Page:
by Rebecca Rivas, Missouri Independent
October 4, 2021
When Eduardo Crespi was working as a nurse at University of Missouri Hospital in Columbia more than 20 years ago, he’d have a full load of patients to care for.
But on top of that, he would also get called to translate for Spanish-speaking patients who weren’t his own.
“That’s how it started,” he said. “They would ask me if I could go and help.”
The hospital at the time didn’t employ paid translators — something that’s mandated now — and instead relied on other staff or even patients’ family members.
Crespi says the stories he heard from those patients deeply moved him, eventually inspiring a career change to become a paid translator, after the hospital opened an interpreters’ department in response to the advocacy of Crespi and others.
“I saw so many Latino people from the meatpacking plants, going to see the hand specialist, the elbow specialist, the shoulder specialist,” he said.
As she set out to write about Hispanic Heritage Month in Missouri, The Independent’s Rebecca Rivas was confronted with the question: Is she Hispanic? A Latina? Latinx?
She asked friends and family, and discovered differing and strong feelings about identity and the words we use to describe ourselves.
In 2000, Crespi founded the Centro Latino in Columbia, which became a hub for resources for the immigrant workers and their families now living in central Missouri.
At that same time, people across the state were seeing the effects of a large increase in Hispanics and, like Crespi, they were trying to figure out how they could help.
When the 2000 Census came out, it showed that the Hispanic population in Missouri had nearly doubled since 1990. Leading that increase was the establishment and expansion of several meat-packing plants, who aggressively recruited workers from Mexico or from towns along the U.S.-Mexico border in the mid-90s.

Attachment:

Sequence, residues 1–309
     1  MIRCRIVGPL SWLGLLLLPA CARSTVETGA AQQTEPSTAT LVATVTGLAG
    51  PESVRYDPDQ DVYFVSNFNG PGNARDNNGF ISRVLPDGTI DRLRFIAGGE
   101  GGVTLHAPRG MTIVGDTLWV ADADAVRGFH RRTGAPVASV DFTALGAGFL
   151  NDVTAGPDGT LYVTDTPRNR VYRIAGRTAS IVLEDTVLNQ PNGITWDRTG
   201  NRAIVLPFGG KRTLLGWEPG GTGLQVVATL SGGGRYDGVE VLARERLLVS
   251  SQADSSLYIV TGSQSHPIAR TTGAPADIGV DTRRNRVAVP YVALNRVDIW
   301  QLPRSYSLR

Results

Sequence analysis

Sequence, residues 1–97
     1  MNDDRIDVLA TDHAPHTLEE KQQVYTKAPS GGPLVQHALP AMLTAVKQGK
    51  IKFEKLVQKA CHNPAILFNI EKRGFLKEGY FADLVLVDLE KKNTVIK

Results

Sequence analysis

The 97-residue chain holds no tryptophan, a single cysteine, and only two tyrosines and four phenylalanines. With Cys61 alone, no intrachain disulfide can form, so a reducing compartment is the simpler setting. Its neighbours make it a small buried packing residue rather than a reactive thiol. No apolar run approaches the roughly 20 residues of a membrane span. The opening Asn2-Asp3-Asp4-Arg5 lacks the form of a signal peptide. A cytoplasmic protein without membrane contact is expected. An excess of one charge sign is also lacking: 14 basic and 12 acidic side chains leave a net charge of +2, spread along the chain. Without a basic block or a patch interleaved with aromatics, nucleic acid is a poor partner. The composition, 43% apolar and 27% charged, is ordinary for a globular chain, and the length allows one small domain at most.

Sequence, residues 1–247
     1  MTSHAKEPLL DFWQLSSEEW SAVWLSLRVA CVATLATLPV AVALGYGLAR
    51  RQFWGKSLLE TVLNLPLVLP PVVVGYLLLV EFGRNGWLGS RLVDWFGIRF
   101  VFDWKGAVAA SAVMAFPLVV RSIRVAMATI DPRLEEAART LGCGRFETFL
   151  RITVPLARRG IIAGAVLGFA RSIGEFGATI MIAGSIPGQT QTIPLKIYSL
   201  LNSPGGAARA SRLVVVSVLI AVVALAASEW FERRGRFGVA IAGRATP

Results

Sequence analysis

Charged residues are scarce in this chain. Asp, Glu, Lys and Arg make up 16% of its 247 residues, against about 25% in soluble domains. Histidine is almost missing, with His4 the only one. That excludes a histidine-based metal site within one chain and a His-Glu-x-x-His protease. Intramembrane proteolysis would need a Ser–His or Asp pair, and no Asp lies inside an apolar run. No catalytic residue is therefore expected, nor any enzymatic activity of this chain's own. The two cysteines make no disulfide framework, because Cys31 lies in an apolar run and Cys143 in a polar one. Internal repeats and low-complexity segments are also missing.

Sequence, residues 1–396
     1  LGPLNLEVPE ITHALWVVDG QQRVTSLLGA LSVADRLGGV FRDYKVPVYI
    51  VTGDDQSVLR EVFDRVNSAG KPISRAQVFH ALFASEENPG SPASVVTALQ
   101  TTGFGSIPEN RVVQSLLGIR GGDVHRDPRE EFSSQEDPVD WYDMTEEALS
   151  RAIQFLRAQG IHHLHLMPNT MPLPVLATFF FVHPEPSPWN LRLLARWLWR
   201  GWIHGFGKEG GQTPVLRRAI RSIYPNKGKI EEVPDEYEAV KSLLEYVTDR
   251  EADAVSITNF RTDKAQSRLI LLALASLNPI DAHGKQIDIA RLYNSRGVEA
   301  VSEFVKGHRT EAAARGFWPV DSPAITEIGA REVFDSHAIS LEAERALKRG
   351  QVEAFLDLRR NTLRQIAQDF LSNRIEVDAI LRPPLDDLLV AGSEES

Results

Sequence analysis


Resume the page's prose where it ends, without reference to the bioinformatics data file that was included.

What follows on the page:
Schools, hospitals, fire stations in these small rural towns with factories scrambled to find translators in areas of Missouri where almost no one spoke Spanish.
So in March 2002, people from all over the state — teachers, social service workers, attorneys and researchers — came together for the first Cambio de Colores Conference to urgently address the rapid influx and map out a path to integrating those communities.
They’ve met every year since.
But almost 20 years later, some Spanish-speaking communities — particularly in rural areas — are still living completely apart from non-Spanish speakers.
Sept. 15 marked the beginning of Hispanic Heritage Month, which coincides with the anniversary of independence from Spain for Latin-American countries Costa Rica, El Salvador, Guatemala, Honduras and Nicaragua.
Mexico and Chile also celebrate their independence days on Sept. 16 and Sept. 18, respectively.
Missouri’s Hispanic community has continued to grow, and discrimination is not necessarily the biggest obstacle to bridging the cultural gap in these towns, said Maria Rodriguez-Alcalá, a former county engagement specialist with the University of Missouri Extension.
Rodriguez-Alcalá, who has led several outreach projects in southwest Missouri, said there are organizations that want to offer resources like loans, health care and entrepreneurial support — but those programs require trust from the Hispanic community.